dc.description.abstractENGLISH ABSTRACT: Tropical cyclones are synoptic scale rotating storms that form over oceans with warm water, producing powerful winds and rainfall. The characteristic low pressure of the system and the extreme winds generate high levels of storm surge, ocean waves and currents, which pose a threat to a coast and its infrastructure. The social and economic consequences of these storms can be devastating, often resulting in human fatalities. Quantification of the risk exposure to these storms is therefore crucial for human safety and the design of infrastructure along the coast of a tropical cyclone-prone region, such as the Southern African East Coast. Considerable research into the risk presented by tropical cyclones, has been conducted using numerical models, although very little has been done for the South-West Indian Ocean. The present research focusses on the tropical cyclone-induced waves and storm surge, along the Southern African East Coast. The primary results of this thesis are estimates of the 50-, 100-, 200- and 500-year significant wave height and storm surge levels, expected to be produced by tropical cyclones, at four locations along the Southern African East Coast. Third-generation numerical models were used to generate the wave and storm surge estimates at the four locations, namely; Durban, Maputo, Beira and Pemba. Historical tropical cyclone data from the Best Track data, as well as the results of other studies, were used to develop input parameters for the numerical models. Sensitivity tests of these parameters were conducted in order to see how each parameter influences the model results. The results of the sensitivity tests were used to determine the design storm parameters for the proposed numerical model tests. The model tests comprised of simulating a tropical cyclone varying in time and space, resulting in estimates of the significant wave height and storm surge levels at the location of interest. A total of four return periods were simulated for each of the four locations, resulting in a total of 16 simulations. The output of the simulations were specified at points along the 20 m contour for the waves and the 10 m contour for storm surge. These depths were chosen in order to determine estimates before certain coastal processes such as refraction and diffraction, have a major influence on the results. The numerical model was calibrated by simulating Hurricane Ike, which occurred over the Gulf of Mexico in September 2008. The model produced reasonably good results when compared to the measured data, although the model did under-estimate the storm surge. It is advisable to take this into account when using the estimates of the expected storm surge levels. The results of the model tests indicate that the expected waves produced by tropical cyclones along the Southern African East Coast, do pose a major threat and need to be taken into consideration in the planning and design of coastal infrastructure. The largest waves are expected to occur at Beira and the smallest at Durban. At the 100-year return period, Durban, Maputo, Beira and Pemba are expected to produce significant wave heights of 2.1 m, 4.6 m, 6.3 m and 4.4 m respectively. Estimates of the expected tropical cyclone-induced storm surge indicate that Durban and Pemba are not at risk of flooding, with maximum expected storm surge levels of roughly 0.3 m at the 500-year return period. Beira and Maputo on the other hand, are potentially at risk with maximum storm surge levels of 2.1 m and 1.1 m respectively, at the 500-year return period.en_ZA
dc.description.abstractAFRIKAANSE OPSOMMING: Tropiese siklone is sinoptiese skaal roterende storms wat oor oseane met warm water vorm, wat lei tot kragtige winde en reënval. Die kenmerkende lae druk van die stelsel en die uiterste winde, wek hoë vlakke van stormvloed, see golwe en strome, wat 'n bedreiging vir die kus en sy infrastruktuur inhou. Die sosiale en ekonomiese gevolge van hierdie storms kan verwoestend wees, dikwels lei dit tot menslike sterftes. Kwantifisering van die risiko blootstelling aan hierdie storms is dus noodsaaklik vir menslike veiligheid en die ontwerp van infrastruktuur langs die kus waar tropiese siklone voorkom, soos die Suider-Afrikaanse Ooskus. Aansienlike navorsing oor tropiese sikloon risiko modellering is gedoen hoewel baie min al gedoen is vir die Suid-Wes Indiese Oseaan. Die huidige navorsing fokus op golwe wat veroorsaak word deur tropiese siklone en die stormvloede langs die Suider-Afrikaanse Ooskus. Die primêre resultate van hierdie tesis is skattings van golfhoogte en stormvloed vlakke vir die 50-, 100-, 200- en 500-jaar herhaal periodes wat na verwagting deur tropiese siklone geskep sal word. Die skattings is vir vier plekke langs die Suider-Afrikaanse Ooskus gedoen. Derde generasie numeriese modelle is gebruik om die golf en stormvloed skattings op die vier plekke te genereer, naamlik; Durban, Maputo, Beira en Pemba. Historiese tropiese sikloon data van die Best Track data, sowel as die resultate van ander studies, is gebruik om die inset-parameters te ontwikkel vir die numeriese modelle. Sensitiwiteit toetse van hierdie parameters is uitgevoer ten einde te sien hoe elke parameter die model resultate beïnvloed. Die resultate van die sensitiwiteit toetse is gebruik om die invoer parameters te bepaal van die voorgestelde numeriese model toetse. Die model toetse bestaan uit die simuleering van 'n tropiese sikloon wat varieer in tyd en ruimte, wat lei tot skattings van die golfhoogte en stormvloed vlakke by die plek van belang. 'n Totaal van vier herhaal periodes was gesimuleer vir elk een van die vier plekke, wat lei tot 'n totaal van 16 simulasies. Die uitset van die simulasies is gespesifiseer op punte langs die 20 m kontoer vir die golwe en die 10 m kontoer vir die stormvloed. Hierdie water dieptes was gekies om skattings te bepaal voordat sekere kus prosesse soos breking en diffraksie, ‘n groot invloed op die resultate het. Die numeriese model is gekalibreer deur die simuleering van Orkaan Ike, wat plaasgevind het oor die Golf van Mexico in September 2008. Die model het redelike goeie resultate gelewer in vergelyking met die gemeet data, alhoewel die model die stormvloed onder-skat het. Dit word aanbeveel om dit in aanmerking te neem wanneer die skattings van die verwagte stormvloed vlakke gebruik word. Die resultate van die model toetse dui daarop dat die verwagte golwe wat deur tropiese siklone geskep word langs die Suider-Afrikaanse Ooskus, 'n groot bedreiging is en moet in ag geneem moet word in die beplanning en ontwerp van die kus infrastruktuur. Die grootste branders word verwag om plaas te vind naby Beira en die kleinste naby Durban. By die 100-jaar herhaal periode, kan Durban, Maputo, Beira en Pemba na verwagting beduidende golf hoogtes onderskeidelik verwag van 2.1 m, 4.6 m, 6.3 m en 4.4 m. Die beramings van die verwagte tropiese sikloon wat stormvloede veroorsaak, dui daarop dat Durban en Pemba nie in gevaar van oorstromings is nie, met 'n maksimum verwagte stormvloed vlak van sowat 0.3 m by die 500-jaar herhaal periode. Beira en Maputo aan die ander kant, is moontlik in gevaar met 'n maksimum stormvloed vlak van 2.1 m en 1.1 m onderskeidelik, by die 500-jaar herhaal periode.af_ZA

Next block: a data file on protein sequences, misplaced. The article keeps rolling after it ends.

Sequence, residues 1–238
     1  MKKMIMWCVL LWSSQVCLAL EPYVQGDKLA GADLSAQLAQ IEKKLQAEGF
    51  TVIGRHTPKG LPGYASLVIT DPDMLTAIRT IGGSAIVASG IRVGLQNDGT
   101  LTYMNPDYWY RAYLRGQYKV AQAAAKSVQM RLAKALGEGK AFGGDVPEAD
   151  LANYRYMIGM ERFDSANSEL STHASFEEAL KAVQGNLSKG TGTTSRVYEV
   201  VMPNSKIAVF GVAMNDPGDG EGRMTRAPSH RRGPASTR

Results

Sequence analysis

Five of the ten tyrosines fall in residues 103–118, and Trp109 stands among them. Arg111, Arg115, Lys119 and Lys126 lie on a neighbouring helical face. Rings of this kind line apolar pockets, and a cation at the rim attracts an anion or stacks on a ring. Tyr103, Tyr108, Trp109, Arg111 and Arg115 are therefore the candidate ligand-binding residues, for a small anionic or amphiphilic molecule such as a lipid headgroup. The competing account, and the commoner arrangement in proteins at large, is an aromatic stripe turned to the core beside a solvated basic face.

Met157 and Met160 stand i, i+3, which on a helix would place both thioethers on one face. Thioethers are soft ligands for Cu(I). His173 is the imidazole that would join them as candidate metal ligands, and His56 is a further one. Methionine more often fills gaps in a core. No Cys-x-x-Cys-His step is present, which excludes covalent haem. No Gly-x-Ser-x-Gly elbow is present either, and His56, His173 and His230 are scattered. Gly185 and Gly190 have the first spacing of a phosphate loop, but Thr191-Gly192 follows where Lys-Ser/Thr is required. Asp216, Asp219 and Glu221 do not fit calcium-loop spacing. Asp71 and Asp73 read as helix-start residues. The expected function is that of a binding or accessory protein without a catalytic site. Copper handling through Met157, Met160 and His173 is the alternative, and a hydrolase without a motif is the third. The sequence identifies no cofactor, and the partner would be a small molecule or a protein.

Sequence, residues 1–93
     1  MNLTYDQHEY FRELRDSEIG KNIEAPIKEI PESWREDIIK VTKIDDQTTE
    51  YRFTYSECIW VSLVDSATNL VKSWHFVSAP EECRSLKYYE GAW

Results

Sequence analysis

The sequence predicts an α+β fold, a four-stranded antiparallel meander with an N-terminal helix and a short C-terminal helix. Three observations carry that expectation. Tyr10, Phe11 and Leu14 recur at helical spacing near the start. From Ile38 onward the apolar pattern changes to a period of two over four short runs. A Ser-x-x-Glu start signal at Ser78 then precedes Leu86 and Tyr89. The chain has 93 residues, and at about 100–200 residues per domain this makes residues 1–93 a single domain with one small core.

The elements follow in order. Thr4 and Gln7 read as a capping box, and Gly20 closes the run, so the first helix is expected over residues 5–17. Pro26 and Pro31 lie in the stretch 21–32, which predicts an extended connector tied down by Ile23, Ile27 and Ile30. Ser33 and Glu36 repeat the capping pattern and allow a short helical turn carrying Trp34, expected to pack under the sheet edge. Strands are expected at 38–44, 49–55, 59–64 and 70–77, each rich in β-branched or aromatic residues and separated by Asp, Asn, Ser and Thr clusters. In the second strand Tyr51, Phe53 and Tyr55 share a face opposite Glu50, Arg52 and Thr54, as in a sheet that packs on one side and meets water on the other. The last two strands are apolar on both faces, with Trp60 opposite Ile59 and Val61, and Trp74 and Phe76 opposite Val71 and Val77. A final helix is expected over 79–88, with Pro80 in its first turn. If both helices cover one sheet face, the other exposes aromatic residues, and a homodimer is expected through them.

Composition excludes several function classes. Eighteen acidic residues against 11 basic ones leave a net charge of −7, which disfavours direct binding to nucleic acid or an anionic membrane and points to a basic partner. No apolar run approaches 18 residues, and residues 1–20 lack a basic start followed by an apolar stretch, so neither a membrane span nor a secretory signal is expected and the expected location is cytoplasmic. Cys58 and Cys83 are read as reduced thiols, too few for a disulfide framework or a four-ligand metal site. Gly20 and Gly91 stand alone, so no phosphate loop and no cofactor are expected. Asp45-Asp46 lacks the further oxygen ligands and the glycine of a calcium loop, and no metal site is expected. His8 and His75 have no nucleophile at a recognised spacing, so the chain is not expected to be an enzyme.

dc.format.extentxviii, 59 pages : illustrations, mapsen_ZA
dc.language.isoen_ZAen_ZA
dc.publisherStellenbosch : Stellenbosch Universityen_ZA
dc.subjectCyclones --Tropicsen_ZA
dc.subjectWavesen_ZA
dc.subjectStorm surgesen_ZA
dc.subjectHydrodynamics -- Mathematical modelsen_ZA
dc.subjectUCTDen_ZA
dc.titleTropical Cyclone-Induced Waves and Storm Surge at four locations along the Southern African East Coasten_ZA
dc.typeThesisen_ZA
dc.description.versionMastersen-ZA
dc.rights.holderStellenbosch Universityen_ZA